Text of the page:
The limited number of maps and coordinates found at the National Archives suggests that the greatest concentration of spraying occurred both north and south of the Demilitarized Zone near the Vietnamese border in Savannakhet and Attapeu provinces. Declassified documents record the aircraft used for Air Force operations: mostly UC-123Ks from the Ranch Hand operations in South Vietnam, as well as a limited number of F-4s. Both types were flown from Bien Hoa Air Base and from ships in the South China Sea.
A January 1969 memo from the Chemical Operations Division at MACV headquarters in Saigon noted that “the legality of these out-of-country operations is uncertain,” and cited increasing risks from ground fire near the DMZ. As the bombing of Laos increased dramatically after the “bombing pause” on North Vietnam starting in late 1968, the role of herbicides in Laos declined.
Herbicides also were used in Laos to destroy enemy crops. Citing effective use in South Vietnam, Gen. Westmoreland first proposed crop destruction in Laos in May 1966. Records from the U.S. Embassy in Vientiane list sixty-four crop destruction missions from September 1966 to September 1969 targeting 20,485 acres. Agent Blue was the most frequently used chemical. After the Lao government banned opium cultivation in 1971, herbicides were used to destroy hill tribe poppy crops as late as 1974.
All this data refers only to spraying carried out by the U.S. Air Force using fixed-wing aircraft. It may not be a complete record even of these operations, although the start and end dates can be confirmed by multiple sources in declassified records. What is not included is spraying conducted by helicopter and directly on the ground. The Air Force and other units had this capability. Also unconfirmed is herbicide use by Air America or the CIA, whose records are still classified. The 1971-73 opium destruction missions were probably carried out on this basis, and secondary sources report that the CIA also had spray capability, possibly operating out of Thailand.
In contrast to the covert spraying in Laos over a long period, one incident of herbicide use in Cambodia resulted in a major international incident. This attack took place on French and Cambodian-owned rubber plantations in Kompong Cham province in April and May 1969, at a time when the U.S. had no diplomatic relations with the government of Prince Norodom Sihanouk. Following official complaints from the Cambodians to the U.S. through Australian intermediaries, the State Department agreed to send a team of experts to investigate the damage, hoping that the story would go away.
Memos and telegrams from the period appear confused about who did the spraying and what if any responsibility the U.S. should take for the incident. Initial theories ranged from drift from spraying in neighboring Tay Ninh province in Vietnam, to an elaborate Viet Cong provocation. No one outside of the embassies appeared to believe these ideas. The State Department inspection team, comprised of Drs. C.E. Minarik, Fred Tschirley, and two others, confirmed the extent of the damage to 173,000 acres (7 percent of Kompong Cham province), 24,700 of them seriously affected. The rubber plantations added up to about a third of Cambodia’s cultivated acreage and represented a loss of 12 percent of the country’s export earnings. Defoliation probably took place at a higher than normal altitude and occurred at night, which made spraying less accurate and prevented crews from monitoring their spray racks.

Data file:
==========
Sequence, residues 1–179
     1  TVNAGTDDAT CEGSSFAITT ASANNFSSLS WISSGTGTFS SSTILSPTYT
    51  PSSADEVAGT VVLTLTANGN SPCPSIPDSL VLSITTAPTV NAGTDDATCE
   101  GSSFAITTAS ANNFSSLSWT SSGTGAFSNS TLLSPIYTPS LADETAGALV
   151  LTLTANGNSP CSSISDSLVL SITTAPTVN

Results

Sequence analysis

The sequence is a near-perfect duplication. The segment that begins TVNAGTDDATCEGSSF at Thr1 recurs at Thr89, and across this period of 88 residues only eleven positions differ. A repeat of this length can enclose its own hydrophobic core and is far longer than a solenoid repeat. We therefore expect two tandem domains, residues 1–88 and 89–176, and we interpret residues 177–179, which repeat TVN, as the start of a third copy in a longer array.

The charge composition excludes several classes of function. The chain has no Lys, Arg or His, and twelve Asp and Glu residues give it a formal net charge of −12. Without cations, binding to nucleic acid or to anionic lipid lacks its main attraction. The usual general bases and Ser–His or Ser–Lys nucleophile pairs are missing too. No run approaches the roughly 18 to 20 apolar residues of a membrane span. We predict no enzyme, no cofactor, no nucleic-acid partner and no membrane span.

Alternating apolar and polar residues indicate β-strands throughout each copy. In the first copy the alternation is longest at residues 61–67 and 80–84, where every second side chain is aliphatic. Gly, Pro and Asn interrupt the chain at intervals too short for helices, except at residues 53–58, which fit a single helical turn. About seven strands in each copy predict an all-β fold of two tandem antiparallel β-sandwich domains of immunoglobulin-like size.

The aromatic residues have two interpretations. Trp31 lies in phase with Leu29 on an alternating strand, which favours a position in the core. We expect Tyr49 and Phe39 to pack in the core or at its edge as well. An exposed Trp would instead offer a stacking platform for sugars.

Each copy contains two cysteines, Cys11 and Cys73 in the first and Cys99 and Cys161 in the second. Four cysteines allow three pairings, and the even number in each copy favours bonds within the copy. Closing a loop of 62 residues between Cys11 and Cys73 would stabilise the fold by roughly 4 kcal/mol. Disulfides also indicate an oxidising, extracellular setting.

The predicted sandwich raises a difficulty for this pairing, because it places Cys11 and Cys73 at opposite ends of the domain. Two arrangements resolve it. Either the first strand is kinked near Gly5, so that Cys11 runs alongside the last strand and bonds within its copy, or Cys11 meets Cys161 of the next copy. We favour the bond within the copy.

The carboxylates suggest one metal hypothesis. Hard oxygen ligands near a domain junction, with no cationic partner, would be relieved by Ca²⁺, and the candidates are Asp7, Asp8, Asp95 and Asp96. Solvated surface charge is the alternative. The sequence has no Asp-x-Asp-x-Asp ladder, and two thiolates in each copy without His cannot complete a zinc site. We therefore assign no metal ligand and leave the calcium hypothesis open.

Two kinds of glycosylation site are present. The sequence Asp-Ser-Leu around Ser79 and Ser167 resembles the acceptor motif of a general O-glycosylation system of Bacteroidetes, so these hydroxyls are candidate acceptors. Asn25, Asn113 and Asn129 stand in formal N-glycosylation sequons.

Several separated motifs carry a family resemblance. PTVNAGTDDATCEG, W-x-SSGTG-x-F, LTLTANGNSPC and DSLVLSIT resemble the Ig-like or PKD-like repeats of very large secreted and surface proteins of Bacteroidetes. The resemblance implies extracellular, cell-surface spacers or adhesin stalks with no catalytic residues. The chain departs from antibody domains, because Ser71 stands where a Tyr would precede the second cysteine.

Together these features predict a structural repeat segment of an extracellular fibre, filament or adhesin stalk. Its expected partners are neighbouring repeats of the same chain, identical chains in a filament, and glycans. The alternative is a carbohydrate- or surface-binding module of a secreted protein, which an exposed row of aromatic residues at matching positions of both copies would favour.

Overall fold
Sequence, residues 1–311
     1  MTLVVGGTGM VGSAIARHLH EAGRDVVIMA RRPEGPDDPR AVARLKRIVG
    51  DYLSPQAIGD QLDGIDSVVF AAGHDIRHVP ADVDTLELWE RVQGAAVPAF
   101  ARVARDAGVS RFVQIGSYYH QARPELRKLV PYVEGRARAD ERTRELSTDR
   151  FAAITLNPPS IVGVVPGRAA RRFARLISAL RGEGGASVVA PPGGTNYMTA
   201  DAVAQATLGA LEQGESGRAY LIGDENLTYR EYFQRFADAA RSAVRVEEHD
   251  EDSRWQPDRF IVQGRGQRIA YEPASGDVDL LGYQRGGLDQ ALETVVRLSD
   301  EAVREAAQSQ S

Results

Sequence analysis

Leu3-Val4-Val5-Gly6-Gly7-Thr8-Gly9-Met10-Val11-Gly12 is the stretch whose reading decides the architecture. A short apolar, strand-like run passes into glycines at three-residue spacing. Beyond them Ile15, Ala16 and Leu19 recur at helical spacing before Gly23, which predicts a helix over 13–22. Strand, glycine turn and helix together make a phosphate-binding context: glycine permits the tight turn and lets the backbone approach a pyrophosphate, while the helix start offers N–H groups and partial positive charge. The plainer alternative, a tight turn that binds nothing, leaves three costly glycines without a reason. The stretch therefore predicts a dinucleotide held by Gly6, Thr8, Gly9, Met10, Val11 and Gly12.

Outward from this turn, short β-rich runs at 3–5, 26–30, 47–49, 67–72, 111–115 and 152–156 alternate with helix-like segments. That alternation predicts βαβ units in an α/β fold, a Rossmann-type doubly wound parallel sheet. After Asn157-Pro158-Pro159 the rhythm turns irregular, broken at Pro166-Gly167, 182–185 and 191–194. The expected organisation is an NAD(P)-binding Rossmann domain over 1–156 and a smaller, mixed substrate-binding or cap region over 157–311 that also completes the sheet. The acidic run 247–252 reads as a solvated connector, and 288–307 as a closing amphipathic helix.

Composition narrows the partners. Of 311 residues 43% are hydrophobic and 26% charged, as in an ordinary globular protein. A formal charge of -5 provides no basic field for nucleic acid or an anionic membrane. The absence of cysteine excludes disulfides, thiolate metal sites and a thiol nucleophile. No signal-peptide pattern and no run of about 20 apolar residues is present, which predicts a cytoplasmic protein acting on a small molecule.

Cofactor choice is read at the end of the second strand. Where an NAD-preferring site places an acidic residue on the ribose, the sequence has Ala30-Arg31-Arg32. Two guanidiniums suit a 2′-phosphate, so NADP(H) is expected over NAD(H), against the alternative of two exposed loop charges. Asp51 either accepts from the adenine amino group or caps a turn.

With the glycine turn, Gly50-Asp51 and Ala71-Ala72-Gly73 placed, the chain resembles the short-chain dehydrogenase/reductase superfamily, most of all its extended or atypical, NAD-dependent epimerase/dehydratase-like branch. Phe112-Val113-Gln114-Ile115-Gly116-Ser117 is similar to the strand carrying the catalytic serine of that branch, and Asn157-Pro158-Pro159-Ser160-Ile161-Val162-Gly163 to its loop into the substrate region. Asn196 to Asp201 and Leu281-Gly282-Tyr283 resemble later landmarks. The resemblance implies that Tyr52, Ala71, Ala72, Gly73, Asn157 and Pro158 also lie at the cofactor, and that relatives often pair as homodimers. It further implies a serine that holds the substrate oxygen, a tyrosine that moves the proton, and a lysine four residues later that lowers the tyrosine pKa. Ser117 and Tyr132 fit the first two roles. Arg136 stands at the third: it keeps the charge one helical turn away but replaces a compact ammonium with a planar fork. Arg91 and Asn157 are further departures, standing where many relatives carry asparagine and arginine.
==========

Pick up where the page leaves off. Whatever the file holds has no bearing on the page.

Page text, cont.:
Minarik and Tschirley were under strict orders not to divulge their findings, however. They also were warned not to look at evidence of “alleged U.S.-caused damage outside these terms of reference.” They cited evidence of CIA-sponsored spray capability and suggested that helicopters may have been used. Available documentation tends to support this hypothesis. William Sullivan, promoted to Undersecretary of State for East Asian and Pacific Affairs in Washington, confirmed in November 1969 that “the rubber plantations were not defoliated inadvertently,” but the idea that it was an enemy provocation “has some problems.”
In addition to the Kompong Cham attack, what additional incidents of herbicide use took place in Cambodia? There is no documentary evidence to suggest that spraying of any kind took place before 1969. The only covert American operation from 1967-69, Operation Daniel Boone, involved Special Forces and Montagnard reconnaissance teams on the ground in Rattanakiri and Mondulkiri provinces—not an operation likely supported by aerial spraying.
A February 23, 1970, telegram from the U.S. Embassy in Saigon, titled “Cambodian Complaints of Herbicide Damage,” states: “There were no, repeat no, UC-123K herbicide missions opposite Mondulkiri on December 18. Missions were flown opposite Mondulkiri on other dates in December, including December 17 and 19. Past experience shows [Cambodian] protests are not always accurate.”
Because of the Kompong Cham incident and similar pressures from the South Vietnamese government, restrictions began to be placed on herbicide use in 1970. In March 1971 Secretary of Defense Melvin Laird requested that he personally approve any herbicide operations in Laos, Cambodia, or Thailand. The scope of such additional spraying remains unclear, but probably did not occur.
These findings are clearly only a partial record of herbicide use in Laos and Cambodia. Many additional sources remain to be examined, many of them classified. Among these are all CIA records.
The full extent of American use of herbicides in these covert actions will require much more research both in the U.S. and on site. In today’s atmosphere of security concerns over terrorism and increasing government secrecy, even previously declassified records are now being re-classified and screened by the National Archives and other government repositories. This includes, for instance, the Project CHECO reports on which Buckingham based much of his data.
It is ironic that the U.S. Government goes out of its way to avoid referring to Agent Orange as a “chemical weapon” for public relations and liability reasons, except when a researcher attempts to gain access to sensitive records. In these cases, researchers are denied access to chemical subject matter that, according to a National Archives notice, “might aid terrorists or their supporters.”